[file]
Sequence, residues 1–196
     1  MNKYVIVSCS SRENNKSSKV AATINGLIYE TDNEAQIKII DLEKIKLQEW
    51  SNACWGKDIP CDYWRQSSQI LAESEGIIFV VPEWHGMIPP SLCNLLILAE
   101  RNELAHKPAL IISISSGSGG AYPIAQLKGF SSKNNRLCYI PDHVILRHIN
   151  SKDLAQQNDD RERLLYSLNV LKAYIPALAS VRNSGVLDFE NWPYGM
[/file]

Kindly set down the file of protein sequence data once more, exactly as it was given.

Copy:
Sequence, residues 1–196
     1  MNKYVIVSCS SRENNKSSKV AATINGLIYE TDNEAQIKII DLEKIKLQEW
    51  SNACWGKDIP CDYWRQSSQI LAESEGIIFV VPEWHGMIPP SLCNLLILAE
   101  RNELAHKPAL IISISSGSGG AYPIAQLKGF SSKNNRLCYI PDHVILRHIN
   151  SKDLAQQNDD RERLLYSLNV LKAYIPALAS VRNSGVLDFE NWPYGM